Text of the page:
The denouement of the play is received differently by both the readers. In act 3, when Nora intrepidly questions Helmer 's perception of her "most sacred duty" towards her "husband and children", she questions the Victorian era reader 's ideals and beliefs as well which leaves the reader infuriated. Moreover, Nora is thought of as unhinged when she "slams" the door, in hopes of transforming from Helmer 's "little songbird" into a "woman." This is not the case with the modern reader who is relieved by Nora 's epiphany as she begins "to realize everything", including the need to become "independent." The modern reader, on the time spectrum, has had the chance to discuss the sexism that prevails in society and the need for feminism; Nora 's courage in going against the pillars of the Victorian era is something the modern reader finds commendable and aspiring.
Throughout the play, Elizabeth seems to be struggling to forgive her husband and let go of her anger. But towards the end, she learns to forgive Proctor for his mistakes. At the beginning of the play Elizabeth is unforgiving of Proctors mistakes. “You’ll tear it free--when you come to know that I will be your only wife or no wife at all! She has an arrow in you yet, John Proctor, and you know it well!” (Miller 484).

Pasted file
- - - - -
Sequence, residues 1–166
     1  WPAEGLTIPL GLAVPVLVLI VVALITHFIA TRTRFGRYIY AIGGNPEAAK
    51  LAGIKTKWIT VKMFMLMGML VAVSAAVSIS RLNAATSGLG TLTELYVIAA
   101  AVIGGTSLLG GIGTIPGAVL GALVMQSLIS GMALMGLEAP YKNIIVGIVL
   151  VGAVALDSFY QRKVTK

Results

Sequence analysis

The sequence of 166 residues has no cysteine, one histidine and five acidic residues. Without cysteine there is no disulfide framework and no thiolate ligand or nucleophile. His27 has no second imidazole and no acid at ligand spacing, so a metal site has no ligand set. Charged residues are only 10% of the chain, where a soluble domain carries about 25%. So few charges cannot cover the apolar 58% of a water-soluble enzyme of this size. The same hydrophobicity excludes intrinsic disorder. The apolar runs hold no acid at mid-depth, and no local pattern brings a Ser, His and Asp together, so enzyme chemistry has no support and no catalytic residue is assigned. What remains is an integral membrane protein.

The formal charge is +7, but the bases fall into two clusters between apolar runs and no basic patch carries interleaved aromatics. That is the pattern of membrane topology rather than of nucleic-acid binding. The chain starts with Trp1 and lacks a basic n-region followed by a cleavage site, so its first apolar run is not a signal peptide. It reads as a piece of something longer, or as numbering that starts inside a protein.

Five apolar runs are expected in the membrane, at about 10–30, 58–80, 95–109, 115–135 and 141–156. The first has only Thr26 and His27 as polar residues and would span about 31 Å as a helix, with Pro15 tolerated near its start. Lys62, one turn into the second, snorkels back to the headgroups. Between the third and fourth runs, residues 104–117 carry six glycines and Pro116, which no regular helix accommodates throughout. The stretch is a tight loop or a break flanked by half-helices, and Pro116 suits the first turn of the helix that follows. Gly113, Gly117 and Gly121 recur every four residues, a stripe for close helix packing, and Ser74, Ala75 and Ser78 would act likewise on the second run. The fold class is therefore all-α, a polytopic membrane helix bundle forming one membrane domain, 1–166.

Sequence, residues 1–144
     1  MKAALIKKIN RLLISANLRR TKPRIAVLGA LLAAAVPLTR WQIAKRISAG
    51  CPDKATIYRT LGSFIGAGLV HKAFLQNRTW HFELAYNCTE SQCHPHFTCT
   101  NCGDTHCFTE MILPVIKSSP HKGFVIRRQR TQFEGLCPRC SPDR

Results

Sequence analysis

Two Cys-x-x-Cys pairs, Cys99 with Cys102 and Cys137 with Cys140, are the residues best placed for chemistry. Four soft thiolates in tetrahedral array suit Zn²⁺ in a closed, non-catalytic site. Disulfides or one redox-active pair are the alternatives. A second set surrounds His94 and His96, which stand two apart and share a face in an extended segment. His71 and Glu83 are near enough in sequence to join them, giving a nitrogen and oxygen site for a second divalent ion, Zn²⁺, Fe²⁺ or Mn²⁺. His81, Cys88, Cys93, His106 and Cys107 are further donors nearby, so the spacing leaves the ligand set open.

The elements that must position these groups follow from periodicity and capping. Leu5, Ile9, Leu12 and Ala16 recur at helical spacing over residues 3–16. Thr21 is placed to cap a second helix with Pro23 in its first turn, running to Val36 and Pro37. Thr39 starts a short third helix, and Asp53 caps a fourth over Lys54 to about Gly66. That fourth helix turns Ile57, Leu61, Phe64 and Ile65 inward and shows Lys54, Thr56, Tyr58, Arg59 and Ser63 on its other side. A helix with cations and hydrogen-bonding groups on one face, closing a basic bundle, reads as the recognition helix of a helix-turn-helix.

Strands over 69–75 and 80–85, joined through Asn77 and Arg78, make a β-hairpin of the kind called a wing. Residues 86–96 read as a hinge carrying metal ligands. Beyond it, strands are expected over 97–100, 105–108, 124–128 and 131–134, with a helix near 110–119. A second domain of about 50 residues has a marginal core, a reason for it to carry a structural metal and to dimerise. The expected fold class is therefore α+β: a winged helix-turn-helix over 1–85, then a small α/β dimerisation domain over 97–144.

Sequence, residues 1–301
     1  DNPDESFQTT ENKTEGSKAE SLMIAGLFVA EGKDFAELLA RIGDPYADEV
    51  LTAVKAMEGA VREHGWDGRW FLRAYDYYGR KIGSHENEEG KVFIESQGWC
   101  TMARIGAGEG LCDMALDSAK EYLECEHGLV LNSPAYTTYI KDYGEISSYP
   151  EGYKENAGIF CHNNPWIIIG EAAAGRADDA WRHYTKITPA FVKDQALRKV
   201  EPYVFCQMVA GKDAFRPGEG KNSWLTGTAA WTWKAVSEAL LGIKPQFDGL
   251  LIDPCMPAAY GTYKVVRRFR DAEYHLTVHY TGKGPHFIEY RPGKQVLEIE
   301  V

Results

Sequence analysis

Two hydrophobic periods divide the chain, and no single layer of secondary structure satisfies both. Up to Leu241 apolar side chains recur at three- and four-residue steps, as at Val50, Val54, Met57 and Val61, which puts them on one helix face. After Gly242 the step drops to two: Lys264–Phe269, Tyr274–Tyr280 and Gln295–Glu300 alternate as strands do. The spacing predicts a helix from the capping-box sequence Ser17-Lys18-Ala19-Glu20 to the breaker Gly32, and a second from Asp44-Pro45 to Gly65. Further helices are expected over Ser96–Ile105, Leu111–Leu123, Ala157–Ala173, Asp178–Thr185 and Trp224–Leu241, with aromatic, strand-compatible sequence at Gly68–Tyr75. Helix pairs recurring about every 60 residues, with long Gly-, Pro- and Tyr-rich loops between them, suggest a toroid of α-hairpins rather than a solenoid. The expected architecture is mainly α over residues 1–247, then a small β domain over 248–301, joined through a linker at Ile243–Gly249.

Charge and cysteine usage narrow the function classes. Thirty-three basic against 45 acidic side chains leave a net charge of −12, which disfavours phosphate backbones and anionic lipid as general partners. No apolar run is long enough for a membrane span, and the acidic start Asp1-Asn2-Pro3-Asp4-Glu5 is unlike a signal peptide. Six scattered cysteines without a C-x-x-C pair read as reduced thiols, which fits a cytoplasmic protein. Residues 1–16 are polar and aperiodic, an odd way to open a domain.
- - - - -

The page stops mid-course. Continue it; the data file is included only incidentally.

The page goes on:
What society defined as “acceptable” at the time one character succumbed to the pressures and the other woman was resilient and overcame the pressure. In The Awakening, Edna, is repressed by her husband, as is Janie in Their Eyes Were Watching God. Edna and Jaine are both self aware women; their inner selves question what their outer self
She is always looking for constant relief that she is unable to find. She eventually unknowingly obsesses over the wallpaper, which is her way of trying to escape her husband. According to Barbra Welter, who published an article for American Quarterly, women of the times did not have the luxury of thinking for themselves, for “when she bestows her greatest treasure upon her husband, from that time on [she] is completely dependent upon him, an empty vessel, without legal or emotional existence of her own”
Gatsby feels that he is allowed to assume her feelings and wishes because his wealth makes him worthy to love her again. He feels entitled to speak on her behalf and make choices that are not his to make, “‘Your wife doesn’t love you,’ said Gatsby. ‘She’s never loved you. She loves me…’She never loved you, do you hear?’ he cried. ‘She only married you because I was poor and she was tired of waiting for me.
The language used here shows how bitter she is about marrying a hideous man, instead of the “handsome, broad-chested Montague.” One can note that Lady Capulet never says a positive word about the man that she married, yet speaks more highly of the father of the man her daughter married. A reader might find it interesting how paralleled Juliet and her mother are. Had Lady Capulet chosen love, she could have been dead like Juliet. Had Juliet chosen duty, she could have ended up in her mother’s shoes, married to a man that she doesn’t like or